Do you know that Apple and Google are among the Tech Giants that have committed to improving accessibility for customers?
A project at the University of Illinois at Urbane-Champaign that aims to make voice assistants like Siri more accommodating to people with disabilities has received support from several significant tech companies. Omid Armin/Unsplash) some of the biggest names in technology are working on a new project to make smartphones and other devices more accessible to people with disabilities.
The Speech Accessibility Project is a research initiative at the University of Illinois at Urbana-Champaign that aims to help make voice recognition technology more useful for people with various disabilities. To support the project, Amazon, Apple, Google, Meta, and Microsoft are collaborating with several nonprofit organizations. Currently, people with Down syndrome, cerebral palsy, and other conditions that can affect speech patterns are not always understood by voice assistants and translation tools like Siri and Alexa. A new initiative aims to correct this disparity by utilizing machine learning and artificial intelligence.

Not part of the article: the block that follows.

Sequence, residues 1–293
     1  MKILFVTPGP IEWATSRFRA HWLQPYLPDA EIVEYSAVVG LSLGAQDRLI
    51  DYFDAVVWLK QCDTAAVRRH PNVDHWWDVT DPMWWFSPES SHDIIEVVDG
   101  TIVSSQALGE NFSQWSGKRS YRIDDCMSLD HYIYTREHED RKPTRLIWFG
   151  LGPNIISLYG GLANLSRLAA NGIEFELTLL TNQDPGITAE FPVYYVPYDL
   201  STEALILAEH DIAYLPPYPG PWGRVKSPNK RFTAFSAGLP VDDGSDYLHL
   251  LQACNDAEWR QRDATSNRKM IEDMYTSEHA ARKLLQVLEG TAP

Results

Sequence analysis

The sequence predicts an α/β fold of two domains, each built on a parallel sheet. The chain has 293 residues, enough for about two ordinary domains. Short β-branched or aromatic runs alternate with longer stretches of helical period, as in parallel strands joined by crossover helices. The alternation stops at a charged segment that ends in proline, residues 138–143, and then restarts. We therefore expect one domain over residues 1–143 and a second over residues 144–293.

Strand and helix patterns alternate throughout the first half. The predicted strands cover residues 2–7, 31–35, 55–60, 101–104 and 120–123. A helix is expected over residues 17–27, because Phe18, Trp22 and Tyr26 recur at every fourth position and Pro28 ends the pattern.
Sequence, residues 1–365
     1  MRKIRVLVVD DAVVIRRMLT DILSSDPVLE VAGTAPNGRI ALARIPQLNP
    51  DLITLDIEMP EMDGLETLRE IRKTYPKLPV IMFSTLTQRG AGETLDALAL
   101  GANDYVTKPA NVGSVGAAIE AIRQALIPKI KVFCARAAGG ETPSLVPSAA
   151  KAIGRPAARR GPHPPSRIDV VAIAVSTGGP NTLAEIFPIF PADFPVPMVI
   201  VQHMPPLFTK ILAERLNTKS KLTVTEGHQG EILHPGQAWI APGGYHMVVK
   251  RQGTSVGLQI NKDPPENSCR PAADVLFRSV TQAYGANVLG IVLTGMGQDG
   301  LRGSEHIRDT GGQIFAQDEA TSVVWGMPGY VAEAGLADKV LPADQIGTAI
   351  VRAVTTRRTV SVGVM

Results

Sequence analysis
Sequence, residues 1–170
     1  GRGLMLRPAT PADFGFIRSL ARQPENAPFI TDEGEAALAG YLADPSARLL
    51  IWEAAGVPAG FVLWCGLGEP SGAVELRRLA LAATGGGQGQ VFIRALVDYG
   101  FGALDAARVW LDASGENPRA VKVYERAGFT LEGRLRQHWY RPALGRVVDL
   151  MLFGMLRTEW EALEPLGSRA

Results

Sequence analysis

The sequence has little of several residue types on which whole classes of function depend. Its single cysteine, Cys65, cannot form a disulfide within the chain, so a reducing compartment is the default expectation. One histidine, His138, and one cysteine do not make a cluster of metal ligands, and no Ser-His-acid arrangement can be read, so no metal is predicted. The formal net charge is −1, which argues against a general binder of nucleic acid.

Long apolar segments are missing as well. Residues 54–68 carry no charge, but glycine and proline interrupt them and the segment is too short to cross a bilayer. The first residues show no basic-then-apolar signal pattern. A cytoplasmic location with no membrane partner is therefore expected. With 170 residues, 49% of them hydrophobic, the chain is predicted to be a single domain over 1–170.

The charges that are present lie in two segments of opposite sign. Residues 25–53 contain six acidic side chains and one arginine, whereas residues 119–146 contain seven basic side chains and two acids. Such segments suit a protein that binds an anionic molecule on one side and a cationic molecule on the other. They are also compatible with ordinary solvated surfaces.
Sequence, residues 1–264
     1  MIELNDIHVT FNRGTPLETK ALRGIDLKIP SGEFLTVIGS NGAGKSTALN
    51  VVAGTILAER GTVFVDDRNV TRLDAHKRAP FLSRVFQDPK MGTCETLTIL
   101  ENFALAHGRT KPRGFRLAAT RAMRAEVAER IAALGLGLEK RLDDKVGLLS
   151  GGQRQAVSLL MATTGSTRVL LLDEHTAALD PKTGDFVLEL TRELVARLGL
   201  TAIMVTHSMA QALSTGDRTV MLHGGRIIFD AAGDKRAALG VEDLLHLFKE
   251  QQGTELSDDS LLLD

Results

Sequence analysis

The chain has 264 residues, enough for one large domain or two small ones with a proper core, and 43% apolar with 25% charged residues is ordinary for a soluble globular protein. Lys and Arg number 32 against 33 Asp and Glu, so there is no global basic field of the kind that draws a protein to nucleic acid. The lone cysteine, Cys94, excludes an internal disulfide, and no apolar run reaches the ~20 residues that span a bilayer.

The Speech Accessibility Project will gather speech samples from a variety of individuals to train machine learning models. According to those who are in charge of the Speech Accessibility Project, every tech company that has pledged support for the initiative has committed to using the data that is gathered through the initiative to enhance the voice recognition services they provide.
Mark Hasegawa-Johnson, the project’s leader and professor of electrical and computer engineering at the University of Illinois at Urbana-Champaign, stated, “The option to connect and control devices with speech is critical to anyone interacting with technology or the digital economy today.”People with disabilities, as well as everyone else, should be able to use speech interfaces.
Major technology companies have attempted to enhance voice recognition for disabled individuals before. Google asked people with disabilities to assist them in testing a program that was made to better understand the speech patterns of disabled people. In addition, the business collaborated with the Canadian Down Syndrome Society in 2019 to collect speech samples from adult Down syndrome sufferers to program the algorithm to better comprehend their distinctive speech patterns.